Overexposure is both a story and a formal exercise that focuses particularly on entrances and exits, on the accretion and diminution of dancers onstage. It opens and closes with a single dancer (Stein) in controlled, simple movement--arm swings, leg circles, steps that describe a circle onstage. At the end her movements are contrasted with the other dancers' self-involved, isolated abandon; what at first had looked simple, we later see requires strength and discipline. She's also an outsider: she observes the other dancers; they do not, with one exception, observe her.

If Overexposure has the delicacy and subtlety of a pencil sketch, Barbara Stein's Yeah the People Do It, But . . . What You See Is All That Matters is an expressionist painting in oily, dark, vivid hues. Overexposure hints at a world of competition and antagonism. Yeah the People boldly delineates that world in harsh, rugged lines. Its six dancers (Cruz, Ariane Dolan, Giudice, Jeffries, Laura Schwenk, and Thodos) make as much noise as possible as the piece opens, thudding heavily to the floor and tossing around the work's single prop, a four-legged stool. The original music by Van Christie and Jim Marcus evokes a steam engine, complete with clanking. When the three women hover on or near the stool, the men prowl the waters around them, sharks circling an island. And when the dancers pair up, they're lustful or violent or both.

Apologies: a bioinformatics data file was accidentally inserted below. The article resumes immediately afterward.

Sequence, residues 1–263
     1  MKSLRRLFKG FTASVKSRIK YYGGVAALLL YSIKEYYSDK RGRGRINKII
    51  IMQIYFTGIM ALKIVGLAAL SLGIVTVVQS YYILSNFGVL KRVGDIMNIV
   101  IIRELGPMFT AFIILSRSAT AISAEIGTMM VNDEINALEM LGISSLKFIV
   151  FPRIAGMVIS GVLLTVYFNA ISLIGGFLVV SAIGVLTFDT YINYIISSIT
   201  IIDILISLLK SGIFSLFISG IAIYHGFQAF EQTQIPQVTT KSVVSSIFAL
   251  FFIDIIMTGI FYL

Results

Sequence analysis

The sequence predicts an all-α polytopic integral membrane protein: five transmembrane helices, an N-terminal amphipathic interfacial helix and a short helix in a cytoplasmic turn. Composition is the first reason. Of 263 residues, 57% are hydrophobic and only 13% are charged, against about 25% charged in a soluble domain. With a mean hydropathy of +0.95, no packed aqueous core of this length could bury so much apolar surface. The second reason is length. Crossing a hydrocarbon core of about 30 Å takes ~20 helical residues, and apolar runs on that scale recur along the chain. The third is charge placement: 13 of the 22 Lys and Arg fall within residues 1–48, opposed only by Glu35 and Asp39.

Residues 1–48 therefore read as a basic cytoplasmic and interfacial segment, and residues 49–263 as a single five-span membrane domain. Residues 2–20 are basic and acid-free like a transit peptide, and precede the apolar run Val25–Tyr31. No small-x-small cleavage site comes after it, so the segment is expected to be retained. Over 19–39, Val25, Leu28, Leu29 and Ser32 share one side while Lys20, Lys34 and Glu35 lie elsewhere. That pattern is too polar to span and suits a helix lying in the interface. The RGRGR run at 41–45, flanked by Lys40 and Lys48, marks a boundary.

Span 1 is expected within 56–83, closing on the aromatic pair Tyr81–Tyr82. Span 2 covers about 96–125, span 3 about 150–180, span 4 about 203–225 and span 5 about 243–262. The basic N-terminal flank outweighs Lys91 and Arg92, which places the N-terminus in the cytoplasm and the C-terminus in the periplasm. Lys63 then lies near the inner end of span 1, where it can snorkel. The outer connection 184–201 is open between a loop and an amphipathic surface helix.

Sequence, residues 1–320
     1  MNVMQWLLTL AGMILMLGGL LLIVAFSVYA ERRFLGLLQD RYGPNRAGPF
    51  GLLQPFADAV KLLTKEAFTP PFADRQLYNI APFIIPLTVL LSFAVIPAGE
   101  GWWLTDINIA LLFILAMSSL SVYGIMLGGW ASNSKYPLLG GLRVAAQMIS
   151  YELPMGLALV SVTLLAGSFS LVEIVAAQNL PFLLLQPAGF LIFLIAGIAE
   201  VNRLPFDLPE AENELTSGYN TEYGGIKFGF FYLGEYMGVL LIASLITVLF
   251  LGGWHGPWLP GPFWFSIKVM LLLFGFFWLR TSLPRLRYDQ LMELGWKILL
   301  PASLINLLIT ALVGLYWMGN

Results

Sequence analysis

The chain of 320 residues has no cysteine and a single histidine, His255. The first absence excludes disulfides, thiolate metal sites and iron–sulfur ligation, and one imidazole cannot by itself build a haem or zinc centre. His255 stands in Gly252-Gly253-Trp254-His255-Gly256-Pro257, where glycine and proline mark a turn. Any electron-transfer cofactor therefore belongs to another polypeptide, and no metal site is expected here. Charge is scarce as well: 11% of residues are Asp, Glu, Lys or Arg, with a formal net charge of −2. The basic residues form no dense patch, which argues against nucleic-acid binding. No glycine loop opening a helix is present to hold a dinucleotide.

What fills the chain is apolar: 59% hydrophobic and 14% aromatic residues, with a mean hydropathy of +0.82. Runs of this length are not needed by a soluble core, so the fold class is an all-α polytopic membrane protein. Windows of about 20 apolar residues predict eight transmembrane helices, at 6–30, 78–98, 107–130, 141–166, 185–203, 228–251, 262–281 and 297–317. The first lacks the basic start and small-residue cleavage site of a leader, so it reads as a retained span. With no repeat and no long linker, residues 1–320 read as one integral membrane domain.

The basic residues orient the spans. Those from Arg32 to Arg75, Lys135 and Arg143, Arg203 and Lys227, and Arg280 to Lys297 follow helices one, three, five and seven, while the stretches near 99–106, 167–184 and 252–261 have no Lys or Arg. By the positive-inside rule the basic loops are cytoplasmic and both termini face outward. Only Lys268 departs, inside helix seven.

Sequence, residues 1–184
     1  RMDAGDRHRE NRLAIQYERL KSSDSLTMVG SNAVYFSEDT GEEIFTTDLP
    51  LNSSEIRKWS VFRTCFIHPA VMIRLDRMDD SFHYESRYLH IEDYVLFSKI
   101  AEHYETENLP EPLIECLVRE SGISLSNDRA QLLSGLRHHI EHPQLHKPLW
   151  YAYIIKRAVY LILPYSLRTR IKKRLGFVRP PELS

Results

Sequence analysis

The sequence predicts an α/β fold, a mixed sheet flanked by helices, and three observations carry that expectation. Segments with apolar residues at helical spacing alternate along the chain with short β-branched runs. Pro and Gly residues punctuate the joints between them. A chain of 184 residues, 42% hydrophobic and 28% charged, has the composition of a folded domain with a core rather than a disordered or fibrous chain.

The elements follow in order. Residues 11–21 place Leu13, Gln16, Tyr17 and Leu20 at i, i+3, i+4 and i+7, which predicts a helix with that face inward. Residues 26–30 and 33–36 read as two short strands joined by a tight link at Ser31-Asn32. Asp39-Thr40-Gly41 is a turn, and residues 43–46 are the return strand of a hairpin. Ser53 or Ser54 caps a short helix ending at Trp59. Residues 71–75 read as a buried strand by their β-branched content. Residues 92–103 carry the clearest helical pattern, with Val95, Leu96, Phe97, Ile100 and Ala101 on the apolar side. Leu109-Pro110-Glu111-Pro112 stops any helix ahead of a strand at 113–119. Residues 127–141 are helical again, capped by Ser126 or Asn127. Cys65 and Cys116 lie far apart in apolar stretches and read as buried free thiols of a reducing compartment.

The harshness of Yeah the People (greatly enhanced by Ken Bowen's back-alley lighting effects) makes its occasional humane touches even more striking; like spots of light and color in a dark composition, they offer relief and help to define the space. One woman supports another as she adopts a difficult pose on the stool, protecting her all the while from the men's encroachment. The men seated together on the floor are gathered up by the women, who are in turn gathered up--pulled along--by the men. The dancers form a curious human chain on and around the stool that suggests the randomness and inevitability of paper clips linked by a moving magnet. Magnetism kept coming to mind as a way of accounting for the dancers' unpredictable attractions and repulsions.